Travis Ford is counting on a pair of McDonald's All-Americans to lead his Oklahoma State program out of the bottom half of the Big 12.
Freshman point guard Marcus Smart will join second-year forward Le'Bryan Nash this season and the pair will try to reverse a consistent fade by the Cowboys over the past few seasons.
Oklahoma State went the second round of the NCAA tournament in Ford's first season as coach, then got knocked off in the first round the following year. Then came the real dip, a quick exit in the NIT followed by last season's 15-18 finish with no postseason appearance.
This season starts Nov. 9 with a home game against UC Davis.
"We know that last year wasn't a good year for us, so we're just looking back on that and trying to respond from that," Nash said. "We're talented. There's no about that. ... We're talented. It's just: Go out there and do it."
That starts with Nash, who was a unanimous all-Big 12 preseason selection by the coaches after averaging 13.3 points as the league's top freshman a season ago. His numbers were even better in conference play before he missed the end of the season with a broken left hand.
"I get a lot of comments that I had a bad year. To me, I don't think I had a bad year," Nash said. "I ain't going to say I had a great year but I had an average freshman year — you know, 13 points is real good to be a freshman."
Ford wants even more from Nash, starting with a willingness to play harder and give second and third efforts. Ford believes that, unlike this time a year ago, Nash understands what he's demanding.
"The difference is last year I couldn't tell him what he did in high school is not going to equate that easily in college," Ford said. "Some guys have to go through it to understand it. He went through it — the frustrations, huge peaks and valleys. Now he gets it. Is he mature player? We'll see. There's a maturity process and he went through it. Do I see improvement in his play? No doubt about it. He's got a better mindset."
Ford, who's in the fifth year of a seven-year, $9.1 million contract, doesn't see the same issues with Smart.
"He won't struggle with what most freshman will. As far as playing hard, competing physically at this level, he has all that," Ford said. "He makes more extra effort plays than most freshmen."
Ford expects the 6-foot-4 Smart to play point guard more than he did in high school and solidify a position that has been a revolving door since Byron Eaton finished his senior year in Ford's debut season. Three players who manned the position last season — Fred Gulley, Reger Dowell and Cezar Guerrero — transferred out of the program over the course of the past year.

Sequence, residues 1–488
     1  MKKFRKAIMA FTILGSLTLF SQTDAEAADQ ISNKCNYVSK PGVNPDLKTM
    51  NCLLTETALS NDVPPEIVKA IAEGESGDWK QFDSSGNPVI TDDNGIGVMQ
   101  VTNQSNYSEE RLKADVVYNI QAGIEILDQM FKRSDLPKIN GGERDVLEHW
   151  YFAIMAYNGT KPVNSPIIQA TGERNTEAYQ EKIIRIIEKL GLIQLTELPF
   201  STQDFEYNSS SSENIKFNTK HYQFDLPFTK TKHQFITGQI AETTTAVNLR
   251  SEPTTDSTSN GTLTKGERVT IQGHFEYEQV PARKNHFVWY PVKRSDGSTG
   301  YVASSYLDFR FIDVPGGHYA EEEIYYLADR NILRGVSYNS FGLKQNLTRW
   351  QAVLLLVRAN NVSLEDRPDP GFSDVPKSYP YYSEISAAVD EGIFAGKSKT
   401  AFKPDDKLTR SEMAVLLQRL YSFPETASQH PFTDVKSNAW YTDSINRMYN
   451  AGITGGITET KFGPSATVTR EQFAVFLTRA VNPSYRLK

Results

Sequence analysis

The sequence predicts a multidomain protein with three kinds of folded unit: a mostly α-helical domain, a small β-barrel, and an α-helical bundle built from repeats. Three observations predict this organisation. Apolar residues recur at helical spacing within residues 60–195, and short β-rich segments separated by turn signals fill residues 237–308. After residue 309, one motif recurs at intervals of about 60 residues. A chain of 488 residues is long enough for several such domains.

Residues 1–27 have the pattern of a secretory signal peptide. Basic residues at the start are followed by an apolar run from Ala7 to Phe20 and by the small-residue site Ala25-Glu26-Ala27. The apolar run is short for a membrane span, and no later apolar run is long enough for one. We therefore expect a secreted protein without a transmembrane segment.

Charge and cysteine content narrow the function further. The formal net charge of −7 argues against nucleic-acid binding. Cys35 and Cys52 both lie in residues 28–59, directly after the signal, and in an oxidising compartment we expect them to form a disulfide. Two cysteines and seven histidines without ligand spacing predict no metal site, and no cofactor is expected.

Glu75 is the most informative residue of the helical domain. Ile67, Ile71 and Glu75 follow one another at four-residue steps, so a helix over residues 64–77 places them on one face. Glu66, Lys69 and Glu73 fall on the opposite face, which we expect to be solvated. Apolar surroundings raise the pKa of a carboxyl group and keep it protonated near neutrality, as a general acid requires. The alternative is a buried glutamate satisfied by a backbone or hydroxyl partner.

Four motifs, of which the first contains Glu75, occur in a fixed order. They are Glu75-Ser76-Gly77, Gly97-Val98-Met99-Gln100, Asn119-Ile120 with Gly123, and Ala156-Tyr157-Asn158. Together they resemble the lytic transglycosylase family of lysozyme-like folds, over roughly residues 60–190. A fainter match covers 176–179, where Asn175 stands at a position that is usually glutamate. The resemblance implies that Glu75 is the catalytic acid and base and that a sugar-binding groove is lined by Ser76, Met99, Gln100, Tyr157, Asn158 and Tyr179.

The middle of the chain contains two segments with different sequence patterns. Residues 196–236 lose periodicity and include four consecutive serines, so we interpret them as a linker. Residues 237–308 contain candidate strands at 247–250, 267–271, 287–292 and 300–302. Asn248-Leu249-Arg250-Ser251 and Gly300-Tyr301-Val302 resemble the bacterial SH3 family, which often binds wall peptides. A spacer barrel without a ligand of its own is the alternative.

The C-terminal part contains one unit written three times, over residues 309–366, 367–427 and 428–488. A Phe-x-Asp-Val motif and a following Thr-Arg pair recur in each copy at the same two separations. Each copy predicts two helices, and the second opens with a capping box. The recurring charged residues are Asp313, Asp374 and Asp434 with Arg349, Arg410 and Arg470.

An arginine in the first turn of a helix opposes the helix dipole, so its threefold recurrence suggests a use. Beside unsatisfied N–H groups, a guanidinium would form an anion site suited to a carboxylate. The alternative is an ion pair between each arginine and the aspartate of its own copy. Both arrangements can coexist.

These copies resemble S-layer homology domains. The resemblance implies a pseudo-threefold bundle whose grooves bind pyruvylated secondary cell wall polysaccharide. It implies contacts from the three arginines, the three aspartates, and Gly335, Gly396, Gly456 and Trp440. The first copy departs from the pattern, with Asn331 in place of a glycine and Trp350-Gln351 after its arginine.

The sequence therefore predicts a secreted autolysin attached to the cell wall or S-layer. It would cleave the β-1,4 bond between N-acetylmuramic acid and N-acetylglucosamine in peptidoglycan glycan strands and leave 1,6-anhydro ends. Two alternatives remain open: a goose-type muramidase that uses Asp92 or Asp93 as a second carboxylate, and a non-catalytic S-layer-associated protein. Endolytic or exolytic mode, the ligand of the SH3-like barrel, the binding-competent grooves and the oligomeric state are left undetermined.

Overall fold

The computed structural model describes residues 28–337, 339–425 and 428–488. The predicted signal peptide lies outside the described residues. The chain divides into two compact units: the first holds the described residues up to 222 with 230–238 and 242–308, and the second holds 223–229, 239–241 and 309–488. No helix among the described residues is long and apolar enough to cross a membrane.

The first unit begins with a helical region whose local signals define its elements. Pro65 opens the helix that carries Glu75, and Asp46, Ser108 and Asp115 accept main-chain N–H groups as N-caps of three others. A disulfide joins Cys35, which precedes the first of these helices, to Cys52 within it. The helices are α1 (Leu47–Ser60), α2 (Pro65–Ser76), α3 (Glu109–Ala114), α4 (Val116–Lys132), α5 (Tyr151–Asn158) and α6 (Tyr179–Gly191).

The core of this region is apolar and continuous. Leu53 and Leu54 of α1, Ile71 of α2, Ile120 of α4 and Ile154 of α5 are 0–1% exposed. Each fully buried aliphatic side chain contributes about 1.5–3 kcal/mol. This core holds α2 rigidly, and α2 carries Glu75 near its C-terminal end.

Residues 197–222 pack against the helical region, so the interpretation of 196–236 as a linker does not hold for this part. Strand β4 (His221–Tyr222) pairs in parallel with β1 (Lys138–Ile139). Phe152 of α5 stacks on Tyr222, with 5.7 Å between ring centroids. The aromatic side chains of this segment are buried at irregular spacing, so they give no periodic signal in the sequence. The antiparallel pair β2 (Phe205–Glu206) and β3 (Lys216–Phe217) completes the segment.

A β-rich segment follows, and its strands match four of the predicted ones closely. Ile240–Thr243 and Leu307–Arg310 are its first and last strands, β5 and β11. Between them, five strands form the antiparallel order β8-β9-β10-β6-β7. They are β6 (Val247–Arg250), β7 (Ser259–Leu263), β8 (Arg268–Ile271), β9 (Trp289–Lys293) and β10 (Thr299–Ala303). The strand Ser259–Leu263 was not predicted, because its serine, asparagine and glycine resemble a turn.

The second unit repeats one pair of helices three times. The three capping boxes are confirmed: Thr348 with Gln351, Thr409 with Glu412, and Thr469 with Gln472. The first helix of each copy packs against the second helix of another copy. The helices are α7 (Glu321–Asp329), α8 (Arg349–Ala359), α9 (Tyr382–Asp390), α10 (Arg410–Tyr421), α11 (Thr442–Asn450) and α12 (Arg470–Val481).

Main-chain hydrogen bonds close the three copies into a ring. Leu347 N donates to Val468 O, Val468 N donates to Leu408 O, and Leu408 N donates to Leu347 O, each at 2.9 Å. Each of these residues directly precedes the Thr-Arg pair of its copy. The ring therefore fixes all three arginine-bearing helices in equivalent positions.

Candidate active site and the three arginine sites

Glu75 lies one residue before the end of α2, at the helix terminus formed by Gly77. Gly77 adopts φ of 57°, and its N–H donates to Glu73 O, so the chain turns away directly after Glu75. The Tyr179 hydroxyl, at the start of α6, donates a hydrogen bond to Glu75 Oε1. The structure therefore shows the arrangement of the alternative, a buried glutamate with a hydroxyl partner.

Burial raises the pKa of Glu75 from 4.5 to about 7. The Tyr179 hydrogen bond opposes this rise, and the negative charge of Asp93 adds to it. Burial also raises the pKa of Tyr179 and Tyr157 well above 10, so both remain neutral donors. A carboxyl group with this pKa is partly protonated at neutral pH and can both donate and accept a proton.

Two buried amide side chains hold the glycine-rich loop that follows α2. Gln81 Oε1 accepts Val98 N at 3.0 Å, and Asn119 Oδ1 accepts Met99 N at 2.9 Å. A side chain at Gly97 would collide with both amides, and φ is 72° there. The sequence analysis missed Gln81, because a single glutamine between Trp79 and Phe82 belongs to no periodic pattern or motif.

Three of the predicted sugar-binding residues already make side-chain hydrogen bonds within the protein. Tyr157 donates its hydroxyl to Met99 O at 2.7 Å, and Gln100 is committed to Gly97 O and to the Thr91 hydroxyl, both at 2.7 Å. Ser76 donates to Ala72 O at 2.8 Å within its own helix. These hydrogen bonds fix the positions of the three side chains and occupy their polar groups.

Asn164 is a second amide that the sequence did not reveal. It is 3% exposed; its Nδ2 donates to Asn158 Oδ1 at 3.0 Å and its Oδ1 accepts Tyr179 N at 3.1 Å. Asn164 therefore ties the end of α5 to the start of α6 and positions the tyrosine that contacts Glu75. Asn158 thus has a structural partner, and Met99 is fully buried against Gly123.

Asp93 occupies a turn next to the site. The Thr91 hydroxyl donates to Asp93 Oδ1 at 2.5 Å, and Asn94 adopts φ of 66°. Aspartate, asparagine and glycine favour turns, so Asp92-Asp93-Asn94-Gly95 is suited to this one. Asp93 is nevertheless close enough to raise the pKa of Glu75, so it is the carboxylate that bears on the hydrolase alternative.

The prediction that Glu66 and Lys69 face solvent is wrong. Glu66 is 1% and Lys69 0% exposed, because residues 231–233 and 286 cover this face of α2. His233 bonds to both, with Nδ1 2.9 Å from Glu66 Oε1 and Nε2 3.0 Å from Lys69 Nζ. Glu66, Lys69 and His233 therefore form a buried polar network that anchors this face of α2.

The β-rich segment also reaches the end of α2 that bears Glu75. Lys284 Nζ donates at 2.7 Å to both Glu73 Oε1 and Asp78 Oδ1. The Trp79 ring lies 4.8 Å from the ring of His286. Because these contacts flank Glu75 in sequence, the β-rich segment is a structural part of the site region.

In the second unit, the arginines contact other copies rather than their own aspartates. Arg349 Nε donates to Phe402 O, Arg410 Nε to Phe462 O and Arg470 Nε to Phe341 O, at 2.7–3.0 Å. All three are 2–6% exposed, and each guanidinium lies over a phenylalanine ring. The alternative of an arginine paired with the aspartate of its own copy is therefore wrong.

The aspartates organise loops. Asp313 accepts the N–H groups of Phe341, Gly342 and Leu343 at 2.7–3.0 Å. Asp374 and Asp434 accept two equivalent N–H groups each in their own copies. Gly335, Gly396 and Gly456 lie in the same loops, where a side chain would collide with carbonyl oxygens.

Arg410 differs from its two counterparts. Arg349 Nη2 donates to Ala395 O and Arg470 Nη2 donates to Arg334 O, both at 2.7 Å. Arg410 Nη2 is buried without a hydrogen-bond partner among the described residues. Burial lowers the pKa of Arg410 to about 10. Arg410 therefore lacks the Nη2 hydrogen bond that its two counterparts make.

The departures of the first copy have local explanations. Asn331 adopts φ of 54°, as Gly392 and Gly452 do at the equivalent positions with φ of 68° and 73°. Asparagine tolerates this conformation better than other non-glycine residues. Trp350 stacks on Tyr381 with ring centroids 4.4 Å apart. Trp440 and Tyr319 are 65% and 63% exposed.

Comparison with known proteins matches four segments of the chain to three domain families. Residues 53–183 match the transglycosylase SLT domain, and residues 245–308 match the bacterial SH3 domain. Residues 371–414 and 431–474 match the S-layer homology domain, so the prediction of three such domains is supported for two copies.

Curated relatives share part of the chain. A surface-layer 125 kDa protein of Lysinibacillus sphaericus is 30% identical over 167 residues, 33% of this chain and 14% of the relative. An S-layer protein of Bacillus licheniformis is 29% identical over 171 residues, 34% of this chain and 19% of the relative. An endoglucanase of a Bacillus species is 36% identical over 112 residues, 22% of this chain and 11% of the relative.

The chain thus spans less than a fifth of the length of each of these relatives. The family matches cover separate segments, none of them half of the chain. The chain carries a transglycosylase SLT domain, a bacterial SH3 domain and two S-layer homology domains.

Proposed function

Smart has grabbed the reins, starting with a preseason exhibition tour in Spain and carrying over into practice when Nash has noticed him chasing down offensive rebounds and making key steals.
"He's just a winner. We need guys like that, especially at the point guard position," Nash said. "We need a floor general."
Despite the recent results, the Big 12's coaches thought highly enough of the Cowboys to pick them to finish third in the preseason poll, behind No. 7 Kansas and No. 19 Baylor. Those selections came before Oklahoma State lost starting forward Brian Williams to a season-ending wrist injury, possibly forcing Nash to shift more to power forward than his preferred place on the wing.
"I like the versatility of this team. We should be long and athletic. We lose some athleticism with Brian Williams out but we're still long and hopefully that can cause some havoc defensively," Ford said. "But I like that we have some guys from last year that got some very valuable experience that understand what they are about to get into."
That's certainly the case for Nash.
"I've got one year under my belt, so I know what's going to come from the teams, and obviously teams in the Big 12. I'm ready," Nash said. "It's just another mindset that I want to win a Big 12 championship. ... I'm going to do whatever it takes to help this team win a Big 12 championship."